My sister called at 8:00 this morning to let me know her neighbor was selling her
large Kitchenaid mixer--perfect for my baking/bread making/mixing large quantities
catering adventure. My sister worked in a Sur La Table kitchen store a few years back
and said these mixers sold for approx. $600. This lady was asking $200. with a meat
grinding attachment thrown in and all the hooks and a 6 quart bowl. So here it is on
my table just waiting to be put to some good use. I can hardly wait to try it! The flowers
are from my daughter for my birthday--aren't they gorgeous?
Last week I had a hankering for fresh rolls, so I made a batch of these Cloverleaf
Sweet Rolls from my Grandma's old Betty Crocker cookbook. They are fairly easy to
make and just as good as it gets for taste and excellent eating quality. I think one
of the keys with these is to keep the dough as sticky as possible before kneading.
The more flour you have to use the tougher the dough in my opinion.
These rolls can be made in any shape you like: Parker House, Twists, Knots, etc.
I like the Cloverleaf because I can't really mess them up as far as shape and they
are fun to pull apart and eat.
SWEET CLOVERLEAF ROLLS
1/2 cup warm water (110-115 degrees)
2 packages active dry yeast
1 1/2 cup lukewarm milk
1/2 cup sugar
2 teaspoons salt
1/2 cup shortening
7 to 7 1/2 cup sifted all purpose flour
Measure warm water into mixing bowl and add yeast, stirring with a wire whisk until
dissolved completely. Stir in milk, sugar, salt, eggs and shortening with the whisk until
the shortening is in small pieces. Add about half the flour and mix until blended. Add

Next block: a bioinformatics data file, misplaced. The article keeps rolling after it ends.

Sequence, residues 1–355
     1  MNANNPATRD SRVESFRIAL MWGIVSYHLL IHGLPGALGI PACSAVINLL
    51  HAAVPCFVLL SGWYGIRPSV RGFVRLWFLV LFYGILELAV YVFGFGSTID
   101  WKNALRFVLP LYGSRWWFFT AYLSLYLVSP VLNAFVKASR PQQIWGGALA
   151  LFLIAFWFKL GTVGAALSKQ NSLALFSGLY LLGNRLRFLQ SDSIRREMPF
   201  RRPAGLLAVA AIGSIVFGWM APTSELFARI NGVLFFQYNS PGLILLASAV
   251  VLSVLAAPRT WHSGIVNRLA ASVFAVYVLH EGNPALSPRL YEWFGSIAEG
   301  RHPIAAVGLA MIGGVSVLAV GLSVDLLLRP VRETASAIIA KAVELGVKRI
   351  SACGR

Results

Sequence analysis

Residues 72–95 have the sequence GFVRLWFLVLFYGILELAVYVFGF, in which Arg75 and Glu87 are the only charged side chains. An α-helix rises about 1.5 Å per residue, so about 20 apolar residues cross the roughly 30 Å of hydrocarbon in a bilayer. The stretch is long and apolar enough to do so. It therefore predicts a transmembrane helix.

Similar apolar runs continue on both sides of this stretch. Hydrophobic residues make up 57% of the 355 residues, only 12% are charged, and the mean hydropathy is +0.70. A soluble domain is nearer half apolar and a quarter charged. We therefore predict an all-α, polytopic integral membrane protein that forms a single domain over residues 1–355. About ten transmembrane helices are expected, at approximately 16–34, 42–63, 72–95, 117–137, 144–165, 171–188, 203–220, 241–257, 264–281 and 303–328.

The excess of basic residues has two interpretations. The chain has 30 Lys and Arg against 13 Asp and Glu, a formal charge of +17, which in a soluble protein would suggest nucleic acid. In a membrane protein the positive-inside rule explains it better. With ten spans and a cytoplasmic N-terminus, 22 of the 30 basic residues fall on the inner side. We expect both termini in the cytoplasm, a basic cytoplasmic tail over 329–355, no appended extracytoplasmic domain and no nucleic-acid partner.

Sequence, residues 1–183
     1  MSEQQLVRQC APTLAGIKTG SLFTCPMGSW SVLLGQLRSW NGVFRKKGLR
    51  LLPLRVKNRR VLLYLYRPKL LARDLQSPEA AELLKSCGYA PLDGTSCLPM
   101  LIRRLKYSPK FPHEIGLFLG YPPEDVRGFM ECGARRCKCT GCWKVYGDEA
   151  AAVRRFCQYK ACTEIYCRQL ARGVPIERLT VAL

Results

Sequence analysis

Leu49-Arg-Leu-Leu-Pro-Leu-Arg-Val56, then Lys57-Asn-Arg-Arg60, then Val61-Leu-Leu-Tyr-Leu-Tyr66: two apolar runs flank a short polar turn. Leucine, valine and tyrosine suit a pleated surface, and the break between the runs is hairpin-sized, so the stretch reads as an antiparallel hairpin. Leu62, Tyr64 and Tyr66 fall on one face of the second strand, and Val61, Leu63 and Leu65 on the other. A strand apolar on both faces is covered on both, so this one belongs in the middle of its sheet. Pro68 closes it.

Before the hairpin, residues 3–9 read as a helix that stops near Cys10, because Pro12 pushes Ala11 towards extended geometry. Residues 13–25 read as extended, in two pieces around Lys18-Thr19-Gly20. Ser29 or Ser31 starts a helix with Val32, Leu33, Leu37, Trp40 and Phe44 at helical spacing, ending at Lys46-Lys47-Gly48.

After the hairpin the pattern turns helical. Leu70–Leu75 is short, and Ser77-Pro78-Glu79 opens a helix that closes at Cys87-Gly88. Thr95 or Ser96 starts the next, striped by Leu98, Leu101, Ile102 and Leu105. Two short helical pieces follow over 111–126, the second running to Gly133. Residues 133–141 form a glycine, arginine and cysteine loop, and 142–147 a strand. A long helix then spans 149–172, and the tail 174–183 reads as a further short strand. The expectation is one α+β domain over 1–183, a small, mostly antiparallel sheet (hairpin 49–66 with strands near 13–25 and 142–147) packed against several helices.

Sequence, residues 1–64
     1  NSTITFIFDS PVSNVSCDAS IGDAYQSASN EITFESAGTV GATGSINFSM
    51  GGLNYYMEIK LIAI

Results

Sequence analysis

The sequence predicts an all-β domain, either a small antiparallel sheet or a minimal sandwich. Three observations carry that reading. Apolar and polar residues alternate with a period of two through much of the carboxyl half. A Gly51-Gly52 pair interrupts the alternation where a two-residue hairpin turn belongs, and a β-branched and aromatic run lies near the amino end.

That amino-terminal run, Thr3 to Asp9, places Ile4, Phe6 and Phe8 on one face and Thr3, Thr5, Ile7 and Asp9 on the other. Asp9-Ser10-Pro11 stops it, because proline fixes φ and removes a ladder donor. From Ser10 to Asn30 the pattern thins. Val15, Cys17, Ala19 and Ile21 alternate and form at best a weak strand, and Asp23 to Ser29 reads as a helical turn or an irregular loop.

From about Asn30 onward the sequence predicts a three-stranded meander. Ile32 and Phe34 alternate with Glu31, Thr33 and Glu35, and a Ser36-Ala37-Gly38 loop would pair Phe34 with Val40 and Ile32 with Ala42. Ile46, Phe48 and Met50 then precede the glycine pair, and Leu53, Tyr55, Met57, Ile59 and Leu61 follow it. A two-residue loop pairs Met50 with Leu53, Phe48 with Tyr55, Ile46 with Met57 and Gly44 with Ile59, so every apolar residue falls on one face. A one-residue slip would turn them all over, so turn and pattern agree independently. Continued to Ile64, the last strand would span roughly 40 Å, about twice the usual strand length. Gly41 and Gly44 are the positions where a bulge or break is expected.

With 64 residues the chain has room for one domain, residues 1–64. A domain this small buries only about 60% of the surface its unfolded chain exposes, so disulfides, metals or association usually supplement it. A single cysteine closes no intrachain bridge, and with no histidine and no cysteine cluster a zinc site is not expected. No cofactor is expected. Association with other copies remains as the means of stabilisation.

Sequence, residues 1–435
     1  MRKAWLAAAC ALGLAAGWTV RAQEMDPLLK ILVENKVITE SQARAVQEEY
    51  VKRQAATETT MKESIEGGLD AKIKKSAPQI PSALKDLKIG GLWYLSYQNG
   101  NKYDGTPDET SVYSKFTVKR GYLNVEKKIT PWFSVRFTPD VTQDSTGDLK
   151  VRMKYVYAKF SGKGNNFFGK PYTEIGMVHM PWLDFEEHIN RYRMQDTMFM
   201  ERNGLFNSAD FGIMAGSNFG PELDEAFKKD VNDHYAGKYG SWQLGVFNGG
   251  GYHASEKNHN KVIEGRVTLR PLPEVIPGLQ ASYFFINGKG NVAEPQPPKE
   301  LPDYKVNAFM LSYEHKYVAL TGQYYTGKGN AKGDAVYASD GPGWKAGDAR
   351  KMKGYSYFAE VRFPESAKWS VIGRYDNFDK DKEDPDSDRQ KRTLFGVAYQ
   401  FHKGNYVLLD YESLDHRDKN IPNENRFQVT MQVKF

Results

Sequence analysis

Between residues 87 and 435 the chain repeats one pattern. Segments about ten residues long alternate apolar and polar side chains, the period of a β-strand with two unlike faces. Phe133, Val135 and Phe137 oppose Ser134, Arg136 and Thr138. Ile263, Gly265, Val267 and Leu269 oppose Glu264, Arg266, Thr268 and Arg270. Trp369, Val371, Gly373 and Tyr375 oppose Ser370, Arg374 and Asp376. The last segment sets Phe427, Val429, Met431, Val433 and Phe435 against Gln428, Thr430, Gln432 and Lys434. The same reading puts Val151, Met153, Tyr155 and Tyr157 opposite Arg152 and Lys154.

enough of the remaining flour so that you have a dough that can be handled--keep
in mind that the less flour the better for a softer roll in the end. Turn dough out onto
lightly floured board or countertop and knead until smooth and elastic (about 5 min.)
Grease a large bowl and place dough in bowl, turning the whole round of dough with
your hand so that it is greased all around. Cover the bowl (I use plastic wrap to hold in
the heat) and place in a warm spot (I use my oven with the pilot light on) until double
in size (approx. 1 1/2 hours) Deflate the dough by pushing with fists once or twice and
let rise again in the same bowl until almost double, which takes about 30 minutes.
Place dough on your floured board or countertop and cut in half with a sharp knife.
Cut those halves in half (kitchen shears work great for this!) and continue doing this until
you have 72 small pieces of dough. The idea here is to place 3 dough pieces in each muffin
cup to make a cloverleaf roll. Lightly roll each bit of dough into a round shape and place
3 balls in each greased muffin cup.
Brush with melted butter and place in oven with pilot light on for approx. 15-20 minutes
to rise until light. Bake at 400 degrees for 12-15 minutes, turning each pan once during
baking to distribute heat evenly. Remove from oven and brush again with butter for taste
and softness. Cool completely before removing from pan. Store in airtight container so
they don't dry out.
Makes 24 large, buttery, tender I can't believe how good these are! rolls.